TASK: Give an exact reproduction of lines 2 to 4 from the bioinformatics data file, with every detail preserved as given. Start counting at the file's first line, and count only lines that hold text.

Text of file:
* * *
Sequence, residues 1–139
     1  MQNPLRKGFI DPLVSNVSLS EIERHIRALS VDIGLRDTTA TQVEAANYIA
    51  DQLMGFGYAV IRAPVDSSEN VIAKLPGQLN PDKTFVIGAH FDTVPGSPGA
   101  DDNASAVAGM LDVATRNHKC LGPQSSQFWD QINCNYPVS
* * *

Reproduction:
     1  MQNPLRKGFI DPLVSNVSLS EIERHIRALS VDIGLRDTTA TQVEAANYIA
    51  DQLMGFGYAV IRAPVDSSEN VIAKLPGQLN PDKTFVIGAH FDTVPGSPGA
   101  DDNASAVAGM LDVATRNHKC LGPQSSQFWD QINCNYPVS